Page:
Newark, DE
Steven Briggs
Distinguished Professor of Cell and Developmental Biology University of California —San Diego
Donald Brown
Staff Member, Director Emeritus Carnegie Institution for Science Baltimore, MD
Bob Buchanan
Professor
University of California — Berkeley Berkeley, CA
Vicki Chandler
Regent’s Professor Emeritus University of Arizona
Tucson, AZ
Joanne Chory
Professor, The Salk Institute
Director, Plant Biology Laboratory Investigator, Howard Hughes Medical Institute San Diego, CA
Rodney Croteau
Regents’ Professor
Institute of Biological Chemistry Washington State University Pullman, WA
Eric Davidson
Norman Chandler Professor of Cell Biology California Institute of Technology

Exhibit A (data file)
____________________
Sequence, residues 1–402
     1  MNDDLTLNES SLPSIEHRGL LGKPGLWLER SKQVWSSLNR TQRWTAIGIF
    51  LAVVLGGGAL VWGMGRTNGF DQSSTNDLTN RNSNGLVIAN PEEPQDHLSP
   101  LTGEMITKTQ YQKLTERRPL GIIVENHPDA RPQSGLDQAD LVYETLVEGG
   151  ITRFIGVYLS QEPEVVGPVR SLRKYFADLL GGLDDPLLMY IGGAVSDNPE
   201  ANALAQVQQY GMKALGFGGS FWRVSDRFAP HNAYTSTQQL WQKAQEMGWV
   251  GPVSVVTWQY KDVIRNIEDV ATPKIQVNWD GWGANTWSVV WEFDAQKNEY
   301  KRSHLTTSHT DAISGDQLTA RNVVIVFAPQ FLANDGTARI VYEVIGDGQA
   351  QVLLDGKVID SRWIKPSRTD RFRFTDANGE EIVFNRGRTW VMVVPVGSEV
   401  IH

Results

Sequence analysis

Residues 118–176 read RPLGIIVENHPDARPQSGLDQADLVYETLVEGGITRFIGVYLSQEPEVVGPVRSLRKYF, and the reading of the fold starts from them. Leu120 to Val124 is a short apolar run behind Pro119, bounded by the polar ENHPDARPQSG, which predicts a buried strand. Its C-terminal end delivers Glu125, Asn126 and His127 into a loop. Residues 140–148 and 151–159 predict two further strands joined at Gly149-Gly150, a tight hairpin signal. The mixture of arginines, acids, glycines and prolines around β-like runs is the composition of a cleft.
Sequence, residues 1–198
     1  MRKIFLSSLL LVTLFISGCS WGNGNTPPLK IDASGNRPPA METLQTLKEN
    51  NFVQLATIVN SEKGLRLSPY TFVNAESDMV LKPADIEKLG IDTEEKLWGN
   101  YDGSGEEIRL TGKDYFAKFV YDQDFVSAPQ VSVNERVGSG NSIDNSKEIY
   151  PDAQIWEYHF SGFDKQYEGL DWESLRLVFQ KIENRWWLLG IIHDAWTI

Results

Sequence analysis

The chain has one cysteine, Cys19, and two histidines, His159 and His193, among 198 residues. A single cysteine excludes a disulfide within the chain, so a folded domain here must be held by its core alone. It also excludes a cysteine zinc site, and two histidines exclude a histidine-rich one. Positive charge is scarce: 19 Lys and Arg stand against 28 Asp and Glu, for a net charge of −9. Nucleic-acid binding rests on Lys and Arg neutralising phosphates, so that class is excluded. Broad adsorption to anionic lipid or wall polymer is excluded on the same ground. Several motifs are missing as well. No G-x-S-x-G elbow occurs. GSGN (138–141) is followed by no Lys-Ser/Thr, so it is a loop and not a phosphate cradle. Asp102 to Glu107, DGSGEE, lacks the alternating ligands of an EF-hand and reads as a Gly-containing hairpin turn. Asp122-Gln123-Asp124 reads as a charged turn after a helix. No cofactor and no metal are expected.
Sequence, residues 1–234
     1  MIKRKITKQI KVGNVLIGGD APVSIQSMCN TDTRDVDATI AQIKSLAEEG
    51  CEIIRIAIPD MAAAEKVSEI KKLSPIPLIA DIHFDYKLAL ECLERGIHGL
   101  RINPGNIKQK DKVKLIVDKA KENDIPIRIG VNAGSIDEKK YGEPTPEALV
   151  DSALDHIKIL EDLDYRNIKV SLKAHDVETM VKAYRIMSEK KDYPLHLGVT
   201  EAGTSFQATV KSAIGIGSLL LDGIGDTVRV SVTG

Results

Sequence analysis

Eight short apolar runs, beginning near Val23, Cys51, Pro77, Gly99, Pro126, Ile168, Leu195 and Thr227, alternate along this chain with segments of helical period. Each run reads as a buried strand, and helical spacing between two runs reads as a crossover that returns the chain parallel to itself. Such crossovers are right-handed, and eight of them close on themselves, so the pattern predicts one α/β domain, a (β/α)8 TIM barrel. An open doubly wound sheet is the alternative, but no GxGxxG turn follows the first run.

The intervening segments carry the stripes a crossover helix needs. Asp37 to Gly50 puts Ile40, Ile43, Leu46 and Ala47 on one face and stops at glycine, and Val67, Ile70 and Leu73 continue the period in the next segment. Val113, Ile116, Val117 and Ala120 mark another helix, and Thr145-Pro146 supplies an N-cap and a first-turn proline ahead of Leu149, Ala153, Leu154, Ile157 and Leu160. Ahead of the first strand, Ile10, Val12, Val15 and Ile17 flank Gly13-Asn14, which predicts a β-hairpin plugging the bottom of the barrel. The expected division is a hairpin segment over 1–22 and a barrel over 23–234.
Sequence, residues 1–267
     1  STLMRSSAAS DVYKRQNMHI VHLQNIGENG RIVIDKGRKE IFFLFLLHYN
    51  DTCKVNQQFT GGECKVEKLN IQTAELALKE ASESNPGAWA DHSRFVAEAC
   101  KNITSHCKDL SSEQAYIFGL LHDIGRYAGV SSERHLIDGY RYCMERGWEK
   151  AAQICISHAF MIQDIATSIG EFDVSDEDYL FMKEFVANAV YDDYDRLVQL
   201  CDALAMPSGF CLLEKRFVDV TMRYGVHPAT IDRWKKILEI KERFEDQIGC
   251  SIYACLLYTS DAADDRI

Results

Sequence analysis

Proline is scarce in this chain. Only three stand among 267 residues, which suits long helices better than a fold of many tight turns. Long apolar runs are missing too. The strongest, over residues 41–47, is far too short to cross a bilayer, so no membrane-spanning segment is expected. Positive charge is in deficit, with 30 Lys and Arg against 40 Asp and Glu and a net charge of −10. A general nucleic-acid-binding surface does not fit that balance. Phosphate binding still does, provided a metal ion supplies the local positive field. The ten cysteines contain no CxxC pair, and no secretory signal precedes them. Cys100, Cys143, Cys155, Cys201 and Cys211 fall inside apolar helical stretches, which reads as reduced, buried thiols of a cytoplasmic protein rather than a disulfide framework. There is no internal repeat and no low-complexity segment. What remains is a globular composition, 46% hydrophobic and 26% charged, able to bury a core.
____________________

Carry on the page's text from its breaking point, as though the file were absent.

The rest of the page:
Pasadena, CA
David Dilcher
Professor Emeritus Department of Biology Indiana University
Bloomington, IN
John E. Dowling
Gund Professor of Neurosciences Harvard University
Cambridge, MA
Dr. Stephen J. Elledge Professor of Genetics Department of Genetics Harvard Medical School Boston, MA
Stanley Fields
Professor
University of Washington Seattle, WA
Michael Freeling
Professor of Genetics
University of California — Berkeley Berkeley, CA
Dr. Elisabeth Gantt
Distinguished University Professor, Emerita Dept. Cell Biology and Molecular Genetics University of Maryland
College Park, MD
Martin Gellert
Bethesda, MD
Dr. Laurie H. Glimcher
Irene Heinz Given Professor of Immunology Professor of Medicine, Harvard Medical School Harvard School of Public Health
Boston, MA
Robert Goldberg